Advances in Logic during the Nineteenth Century

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Advances in Logic during the Nineteenth Century


The nineteenth century witnessed the formalization of traditional logic along symbolic lines, followed by an attempt to recast the foundations of mathematics in rigorous logical form. The extensive development of mathematical logic was motivated in part by the discoveries of new geometries and new number systems that caused many mathematicians to question the logical soundness of traditional mathematical ideas. The attempt to impose the strictest rigor on arithmetic, the most fundamental area of mathematics, would eventually lead to a number of surprising results, results that caused many philosophers and mathematicians to modify their views of the very nature of mathematics. The same developments would nonetheless provide techniques essential to the development of digital computers, artificial intelligence, and modern theories of language.


Logic is the subject that deals with the drawing of correct conclusions from statements assumed to be true. It was first formalized by Greek philosopher Aristotle (384-322 b.c.) in terms of verbal examples that assumed the grammatical structure of the Greek language. The methods of deductive logic are readily applicable to mathematical reasoning, and the proofs of Euclidean geometry are traditionally presented as a matter of logical deduction. The high esteem in which Aristotle was held during the Middle Ages insured that his system would be studied and elaborated upon by generations of philosophers and theologians.

German philosopher and mathematician Gottfried Wilhelm Leibniz (1646-1716) was the first modern figure to suggest that the essence of logic could be captured in a set of rules for the manipulation of symbols. In fact, Leibniz had gone a bit further to envision a "universal language," a language so precise that one could not draw incorrect conclusions from it. Although Leibniz worked towards his "calculus of reasoning" as well as on many other scientific problems for a 35-year period, his logical work did not attract much immediate interest. The first sustained treatment of symbolic logic was provided in 1847 by George Boole (1815-1864), who followed with other publications and a book, An Investigation into the Laws of Thought, in 1854. Boole provided a formalism in which the traditional laws of reasoning could be expressed in purely symbolic terms. He noted that statements could be assigned numerical values of 1 if true and 0 if false, so that the truth values of the various possible logical combinations could be computed in an algebraic way. Boole also noted the connection between logic and the theory of sets. In 1847 Augustus De Morgan (1806-1871) published a book, Formal Logic, that complemented Boole's ideas and indicated how logical combinations, written in symbolic form, cold be transformed into equivalent forms.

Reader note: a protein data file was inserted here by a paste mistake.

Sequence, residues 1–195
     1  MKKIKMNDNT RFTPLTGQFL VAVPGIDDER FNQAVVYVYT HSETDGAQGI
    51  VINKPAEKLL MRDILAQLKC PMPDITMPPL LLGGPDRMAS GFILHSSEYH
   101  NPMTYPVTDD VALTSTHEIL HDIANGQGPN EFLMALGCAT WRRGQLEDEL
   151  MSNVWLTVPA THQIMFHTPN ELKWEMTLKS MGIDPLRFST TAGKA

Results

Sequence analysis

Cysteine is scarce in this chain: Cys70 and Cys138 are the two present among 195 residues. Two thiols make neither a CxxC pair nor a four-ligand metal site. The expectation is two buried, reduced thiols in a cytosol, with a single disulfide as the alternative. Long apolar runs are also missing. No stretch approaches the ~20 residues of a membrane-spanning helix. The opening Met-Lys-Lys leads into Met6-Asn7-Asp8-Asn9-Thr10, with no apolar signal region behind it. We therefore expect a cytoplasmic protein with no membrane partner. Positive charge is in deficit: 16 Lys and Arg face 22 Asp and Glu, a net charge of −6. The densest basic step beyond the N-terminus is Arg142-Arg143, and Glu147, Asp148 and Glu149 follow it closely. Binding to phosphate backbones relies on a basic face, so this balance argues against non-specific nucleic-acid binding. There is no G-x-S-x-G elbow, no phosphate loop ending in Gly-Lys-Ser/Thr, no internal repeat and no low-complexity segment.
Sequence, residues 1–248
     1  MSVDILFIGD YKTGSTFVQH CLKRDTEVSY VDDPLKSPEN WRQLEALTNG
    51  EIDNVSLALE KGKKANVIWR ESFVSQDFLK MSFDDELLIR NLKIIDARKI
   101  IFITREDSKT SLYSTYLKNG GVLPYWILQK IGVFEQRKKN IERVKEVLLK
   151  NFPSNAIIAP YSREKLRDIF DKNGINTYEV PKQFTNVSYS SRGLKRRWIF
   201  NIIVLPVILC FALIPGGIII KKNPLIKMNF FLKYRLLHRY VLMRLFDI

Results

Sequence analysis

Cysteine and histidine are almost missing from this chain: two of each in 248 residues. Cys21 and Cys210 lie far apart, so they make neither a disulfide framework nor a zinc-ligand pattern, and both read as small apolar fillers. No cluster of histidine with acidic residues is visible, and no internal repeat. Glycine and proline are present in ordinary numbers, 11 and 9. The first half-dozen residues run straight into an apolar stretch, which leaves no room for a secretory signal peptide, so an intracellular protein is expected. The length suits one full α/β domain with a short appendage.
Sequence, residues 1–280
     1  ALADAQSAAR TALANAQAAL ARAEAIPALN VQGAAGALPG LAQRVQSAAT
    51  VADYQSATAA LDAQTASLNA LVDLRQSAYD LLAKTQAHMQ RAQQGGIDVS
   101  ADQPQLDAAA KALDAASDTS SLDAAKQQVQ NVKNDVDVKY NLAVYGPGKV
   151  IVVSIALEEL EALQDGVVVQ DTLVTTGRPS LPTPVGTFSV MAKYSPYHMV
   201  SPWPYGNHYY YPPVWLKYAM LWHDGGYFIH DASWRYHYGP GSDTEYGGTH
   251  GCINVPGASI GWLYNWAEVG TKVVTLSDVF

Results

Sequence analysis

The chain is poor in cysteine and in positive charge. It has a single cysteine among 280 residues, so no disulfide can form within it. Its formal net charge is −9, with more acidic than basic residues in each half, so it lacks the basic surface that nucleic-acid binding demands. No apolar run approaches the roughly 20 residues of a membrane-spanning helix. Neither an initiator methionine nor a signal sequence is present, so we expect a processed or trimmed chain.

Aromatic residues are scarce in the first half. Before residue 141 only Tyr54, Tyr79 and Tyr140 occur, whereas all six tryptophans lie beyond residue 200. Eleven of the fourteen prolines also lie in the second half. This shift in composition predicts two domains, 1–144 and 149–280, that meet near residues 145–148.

In 1879 German mathematician and philosopher Gottlob Frege (1848-1925) published an 88-page booklet entitled Begriffsschrift ("Concept Language"), which might be regarded as a fresh start towards Leibniz's "calculus of reasoning." In this work he presented an entirely symbolic language that could express the logical possibilities in any situation. Frege made a number of important innovations. In particular, Frege's formalism allowed for statements that include quantifiers, such as "for all" or "for some." Frege also provided for statements that included variables, that is, symbols that could stand for other concepts. Unfortunately, Frege's notation, which made use of vertical and horizontal lines, proved quite unwieldy and not well suited for publication.

Frege's motivation was, in part, to establish the laws of arithmetic on a firm logical foundation. In 1884, in a publication entitled Foundations of Arithmetic, Frege attempted to prove that all arithmetic reasoning could be established on the basis of logic alone. Frege defined the equality of numbers in terms of the establishment of a one-to-one correspondence between elements of two sets. He also proposed that each of the individual integers might be interpreted as the class or infinite set of sets containing all sets with the same number of members.

The next major mathematician to be concerned with symbolic logic was Giuseppe Peano (1858-1932). Peano was unaware of the work of Frege when he published The Principles of Arithmetic in 1889, but he acknowledged Frege in subsequent publications. Peano introduced symbol manipulation rules equivalent to those of Frege but in far more tractable notation, and in particular presented a set of axioms for the natural numbers that conclude with a statement of the principle of induction. Peano's axioms, though largely a restatement of the ideas of Richard Dedekind (1831-1916), are perhaps the most precise formulation of the properties of integers to emerge in the nineteenth century. Unlike Frege, Peano was able to assemble a group of colleagues who would apply his approach in different areas of mathematics, resulting in the publication over the years 1895-1905 of a 5-volume Formulary of Mathematics, which made it credible that his approach could form the basis for a complete foundations of mathematics.